Diamond Firetail

Diamond Firetail – Emblema guttata

Other Names: Diamond Finch, Diamond Sparrow

Size: 12cm

Habitat: Woodland, grasslands usually near water.

Distribution: Coastal regions of Southern Queensland, eastern half of New South Wales, Victoria and South-eastern Australia. (Through to Eyre Peninsula and Kangaroo Island)

Food: In the aviary, green food and insect food are important during the breeding season along with pannicum, berries, fruits and millet being necessary throughout the year.

Diamond Firetail

Diamond Firetail

Nesting: The nests are very large in comparison to other finch species. The nest is constructed with dried or green grass stems and blades to build the round nest. A tunnel leading into the main chamber with feathers and plant fibre lining the internal walls.

Breeding: The normal clutch consists of four or five eggs. These birds are known to build nest fairly high up away from any disturbances.

Of course this is not always achievable in aviaries so breeding in such an environment can be tricky and not always successful.

Diamond firetails do not like attention or interference for that matter when attempting to breed and are also known to abandon eggs or young due to insufficient or inadequate feeding.

Sexing: The female is usually smaller than the male and has a narrower black band across the neck, these birds are difficult to sex until they are old.

Summary

Incubation:

After second egg has been laid

Average clutch:

4-6 Eggs

Days to hatch:

14-15 days from incubation

Fledge date:

Generally 23 days old

Wean date:

 

First molt:

Begins 4 weeks of age completing around 12 weeks.

Article Extract from Marcus Pollard at Clifton Finch Aviaries

Commonly known as the Diamond Sparrow here in Australia. This bird is one of the largest of the finches and is extremely difficult to sex. There are a dozen people that will give you 2 dozen ways to sex these birds, all I can say is good luck!! The calls of the sexes are noticeably different and older hens have a pinker bill in the breeding season but, apart from this I suggest you ring 6 birds and let them pair up in your aviary and remove the unpaired birds. Works for me! The nest of this finch is huge. Green grass stems are used to construct the outer limits and every feather, pampas head, piece of tissue paper or animal fur in your aviary will disappear inside this structure. The nest has a small funnel attached to the front. Young are reared on soaked/sprouted seed and green feed and little interest is shown in live food. The Diamond has a reputation for aggression but I have not witnessed this.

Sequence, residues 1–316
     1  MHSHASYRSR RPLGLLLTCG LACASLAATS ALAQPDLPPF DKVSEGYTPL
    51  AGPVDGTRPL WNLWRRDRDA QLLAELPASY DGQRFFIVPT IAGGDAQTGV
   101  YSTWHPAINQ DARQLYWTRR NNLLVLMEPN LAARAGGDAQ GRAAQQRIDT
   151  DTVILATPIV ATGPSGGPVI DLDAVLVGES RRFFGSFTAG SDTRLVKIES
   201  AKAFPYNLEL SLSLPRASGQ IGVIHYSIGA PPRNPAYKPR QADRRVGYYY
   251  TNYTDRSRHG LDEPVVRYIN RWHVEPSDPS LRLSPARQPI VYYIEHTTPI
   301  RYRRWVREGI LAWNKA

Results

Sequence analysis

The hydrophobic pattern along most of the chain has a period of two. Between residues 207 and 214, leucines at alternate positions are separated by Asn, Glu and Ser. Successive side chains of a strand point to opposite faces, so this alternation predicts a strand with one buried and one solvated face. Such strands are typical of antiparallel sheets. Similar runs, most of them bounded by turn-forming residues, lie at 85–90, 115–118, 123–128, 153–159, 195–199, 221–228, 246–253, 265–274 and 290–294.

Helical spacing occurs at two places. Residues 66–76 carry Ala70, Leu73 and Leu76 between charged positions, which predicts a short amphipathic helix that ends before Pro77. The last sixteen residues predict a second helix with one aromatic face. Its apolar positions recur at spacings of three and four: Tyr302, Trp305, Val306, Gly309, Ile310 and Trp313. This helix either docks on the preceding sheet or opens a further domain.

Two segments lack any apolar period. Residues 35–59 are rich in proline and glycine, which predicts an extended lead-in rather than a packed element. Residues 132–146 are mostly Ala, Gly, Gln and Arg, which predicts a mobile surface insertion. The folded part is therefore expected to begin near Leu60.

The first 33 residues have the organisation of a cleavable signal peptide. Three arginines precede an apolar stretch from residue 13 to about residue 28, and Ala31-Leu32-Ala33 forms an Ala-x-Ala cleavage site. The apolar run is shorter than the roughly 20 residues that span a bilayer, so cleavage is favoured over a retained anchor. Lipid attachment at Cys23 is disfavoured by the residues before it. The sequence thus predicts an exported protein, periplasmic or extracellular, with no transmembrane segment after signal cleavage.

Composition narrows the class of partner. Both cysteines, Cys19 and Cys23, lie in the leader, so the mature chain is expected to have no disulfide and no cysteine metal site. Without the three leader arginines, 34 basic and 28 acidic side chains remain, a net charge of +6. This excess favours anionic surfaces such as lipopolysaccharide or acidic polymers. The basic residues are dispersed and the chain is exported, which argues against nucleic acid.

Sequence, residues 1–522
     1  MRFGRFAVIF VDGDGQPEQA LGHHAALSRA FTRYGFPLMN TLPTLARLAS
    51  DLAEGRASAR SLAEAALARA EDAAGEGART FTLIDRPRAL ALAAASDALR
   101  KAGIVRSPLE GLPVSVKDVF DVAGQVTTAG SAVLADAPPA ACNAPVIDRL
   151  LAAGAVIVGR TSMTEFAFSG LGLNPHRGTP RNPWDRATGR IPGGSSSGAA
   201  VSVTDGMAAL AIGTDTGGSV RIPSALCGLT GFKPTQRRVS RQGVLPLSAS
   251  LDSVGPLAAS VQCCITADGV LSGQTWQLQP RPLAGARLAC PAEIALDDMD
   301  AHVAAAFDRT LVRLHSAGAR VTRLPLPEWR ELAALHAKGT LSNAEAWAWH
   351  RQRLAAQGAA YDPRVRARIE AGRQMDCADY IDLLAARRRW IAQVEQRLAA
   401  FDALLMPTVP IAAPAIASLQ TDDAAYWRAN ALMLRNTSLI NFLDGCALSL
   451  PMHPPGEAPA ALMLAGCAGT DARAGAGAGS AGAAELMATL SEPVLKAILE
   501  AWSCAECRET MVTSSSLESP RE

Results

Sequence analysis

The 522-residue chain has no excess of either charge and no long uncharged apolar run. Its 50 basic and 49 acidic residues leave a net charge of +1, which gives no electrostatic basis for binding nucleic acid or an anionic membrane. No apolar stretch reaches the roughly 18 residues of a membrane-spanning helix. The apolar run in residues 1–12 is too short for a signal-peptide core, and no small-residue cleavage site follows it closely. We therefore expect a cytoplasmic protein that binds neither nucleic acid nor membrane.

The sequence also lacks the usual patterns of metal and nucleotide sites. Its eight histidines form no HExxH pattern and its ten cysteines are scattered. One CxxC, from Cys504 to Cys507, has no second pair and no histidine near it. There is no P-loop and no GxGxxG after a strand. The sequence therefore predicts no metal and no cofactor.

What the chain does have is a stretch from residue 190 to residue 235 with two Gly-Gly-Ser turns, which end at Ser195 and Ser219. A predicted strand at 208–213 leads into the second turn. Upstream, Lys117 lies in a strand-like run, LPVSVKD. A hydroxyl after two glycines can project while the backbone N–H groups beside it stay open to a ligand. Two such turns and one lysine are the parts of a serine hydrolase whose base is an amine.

They will defend the area around their nest but I have never seen them hound smaller species. I believe that they may dominate around the food stations and care would need to be taken to be aware of this occurring. If you have more than one pair in a smaller aviary you may find that only one pair actually produces youngsters. The Diamond would have to rate as one of the most beautiful of all grassfinches. Despite their size they are one of the ‘softer’ species and will not tolerate wet, damp conditions. However, with the advances in anti-protozoal drugs and worming agents available the task of keeping these birds in first rate condition is vastly improved today.

A popularity of 7 and a compatibility of 5.

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